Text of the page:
The Unusual Suspects: An Afternoon of Rare Diseases Review
On the 2nd April we held our second Rare Diseases Symposium entitled ‘The Unusual Suspect: An Afternoon of Rare Diseases’ at the prestigious Royal Society of Medicine in London. The five medical schools in London collaborated to produce this educational afternoon of 6 talks on 5 interesting rare disease topics which included:
- Dr Melita Irving – If something flies out of a tree it is more likely to be a sparrow than a goldfish: How to spot a rare diseases
- Prof Bobby Gasper – SCID: Clinical diagnosis and newborn screening
- Dr Ramaswami – Mucopolysaccaridoses (MPS)
- Dr Mansour – Primary lymphoedema
- Prof Judson and patient Graham Bound – Sarcoma
Dr Melita Irving, Consultant Clinical Geneticist as Guy’s and St Thomas’, was able to help us secure this fantastic venue as she is also the head of the genetics section at the RSM. She gave us an excellent over-view of what rare diseases are and a very useful ABCD mnemonic on spotting a rare disease. She also took us through some interesting examples that highlighted the importance of genetics in a variety of rare conditions including familial adenomatous polyposis (FAP), Lynch Syndrome and Hajdu-Cheney syndrome.
We then heard from Prof Judson, Consultant Medical Oncologist of the Royal Marsden and patient Graham Bound who shared their different expertise on the topic of sarcoma. Prof Judson took us through the mind-field of sarcoma, with over 100 different types. The key message in his talk was not that we should know everything about sarcoma but the fundamental importance of a good and thorough history and examination. Graham shared his own journey with sarcoma, in particular the bumpy road to diagnosis. This gave us an invaluable insight into the patient perspective and reminded us what fundamentally matters – providing the highest level of care for our patients.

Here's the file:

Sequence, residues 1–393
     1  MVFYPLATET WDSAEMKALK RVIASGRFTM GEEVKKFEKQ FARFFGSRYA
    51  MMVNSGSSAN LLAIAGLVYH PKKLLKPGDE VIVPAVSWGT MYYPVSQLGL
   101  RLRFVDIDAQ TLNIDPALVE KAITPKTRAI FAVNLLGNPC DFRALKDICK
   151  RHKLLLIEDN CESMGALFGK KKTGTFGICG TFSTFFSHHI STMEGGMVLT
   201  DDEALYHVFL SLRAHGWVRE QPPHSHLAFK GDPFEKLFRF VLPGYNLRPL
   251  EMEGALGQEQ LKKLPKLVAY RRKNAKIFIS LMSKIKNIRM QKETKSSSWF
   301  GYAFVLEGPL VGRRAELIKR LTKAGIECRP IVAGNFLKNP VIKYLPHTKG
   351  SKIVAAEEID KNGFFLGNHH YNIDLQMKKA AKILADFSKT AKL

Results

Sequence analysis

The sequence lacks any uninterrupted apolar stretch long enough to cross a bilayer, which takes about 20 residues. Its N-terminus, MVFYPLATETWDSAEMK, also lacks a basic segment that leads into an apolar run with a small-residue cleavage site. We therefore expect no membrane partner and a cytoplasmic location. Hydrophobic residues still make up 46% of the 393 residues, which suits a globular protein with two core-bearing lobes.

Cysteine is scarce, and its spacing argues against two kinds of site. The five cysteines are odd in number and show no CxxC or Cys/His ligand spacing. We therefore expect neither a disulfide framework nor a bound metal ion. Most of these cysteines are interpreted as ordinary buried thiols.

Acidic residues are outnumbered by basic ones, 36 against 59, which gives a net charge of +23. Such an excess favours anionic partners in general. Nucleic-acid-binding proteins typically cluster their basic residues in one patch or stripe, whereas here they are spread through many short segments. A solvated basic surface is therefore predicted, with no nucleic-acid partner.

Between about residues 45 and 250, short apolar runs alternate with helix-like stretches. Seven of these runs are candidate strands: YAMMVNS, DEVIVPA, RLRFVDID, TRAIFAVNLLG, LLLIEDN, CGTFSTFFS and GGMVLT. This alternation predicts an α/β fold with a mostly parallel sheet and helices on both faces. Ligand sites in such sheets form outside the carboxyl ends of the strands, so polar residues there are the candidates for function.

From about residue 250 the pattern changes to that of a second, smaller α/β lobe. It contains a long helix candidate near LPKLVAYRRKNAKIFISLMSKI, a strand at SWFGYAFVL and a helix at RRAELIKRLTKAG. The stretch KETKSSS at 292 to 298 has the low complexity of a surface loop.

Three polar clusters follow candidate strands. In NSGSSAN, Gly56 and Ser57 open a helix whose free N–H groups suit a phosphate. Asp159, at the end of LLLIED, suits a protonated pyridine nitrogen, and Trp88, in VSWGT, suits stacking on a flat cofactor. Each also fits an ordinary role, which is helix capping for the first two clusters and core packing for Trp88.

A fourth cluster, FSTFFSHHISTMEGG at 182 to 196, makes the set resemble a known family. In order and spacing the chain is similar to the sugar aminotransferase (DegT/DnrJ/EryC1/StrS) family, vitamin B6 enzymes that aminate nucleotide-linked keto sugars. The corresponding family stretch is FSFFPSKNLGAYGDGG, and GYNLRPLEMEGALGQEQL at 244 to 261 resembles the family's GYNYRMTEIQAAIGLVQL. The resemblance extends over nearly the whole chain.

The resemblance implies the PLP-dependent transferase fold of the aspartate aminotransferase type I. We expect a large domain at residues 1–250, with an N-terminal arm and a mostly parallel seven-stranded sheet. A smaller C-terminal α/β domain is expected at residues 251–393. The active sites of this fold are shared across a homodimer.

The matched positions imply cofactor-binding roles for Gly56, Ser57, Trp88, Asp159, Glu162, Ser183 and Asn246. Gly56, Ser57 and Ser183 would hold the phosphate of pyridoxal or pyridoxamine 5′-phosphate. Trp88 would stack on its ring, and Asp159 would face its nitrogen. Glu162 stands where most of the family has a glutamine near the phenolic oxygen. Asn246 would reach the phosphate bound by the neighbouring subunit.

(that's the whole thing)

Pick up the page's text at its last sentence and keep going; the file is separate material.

Dr Ramaswami, Consultant in Metabolic Paediatrics at the Royal Free Hospital spoke next on the subject of mucopolysaccharidoses (MPS). She gave us some useful clinical clues to diagnose LSDs such as developmental delay, noisy breathing and joint contractures and her presentation was filled with very informative slides and pictures.
Dr Mansour, Consultant Clinical Geneticist at St George’s, told us about a topic that was completely new to me; primary lymphoedema. The talk incorporated conditions such as Turner’s, Noonan’s and Milroy’s disease. This was of particular interest to those in the audience with a passion for genetics as there is a lot of current exciting research in this field.
Finally, we heard from Prof Gasper, Professor of Paediatrics and Immunology at the Institute of Child Health. He ended the symposium with a very interactive and clinically driven talk on Severe Combined Immunodeficiency (SCID). We heard about the aetiology, presentation, diagnosis and treatment of SCID and some interesting developments in terms of screening.
The symposium was a great success with 50 people attending including students from across all 5 medical schools, some research scientists and doctors. We were able to meet and chat with the delegates at the drinks reception after the symposium and had a lot of interest from both students and doctors in the Students4RareDiseases mission. The RSM were particularly impressed with the event and have invited us to come back again next year which is terrific and will hopefully establish the Unusual Suspects as an annual event in the RSM calendar.
Images from the event can be found at the Flickr page here.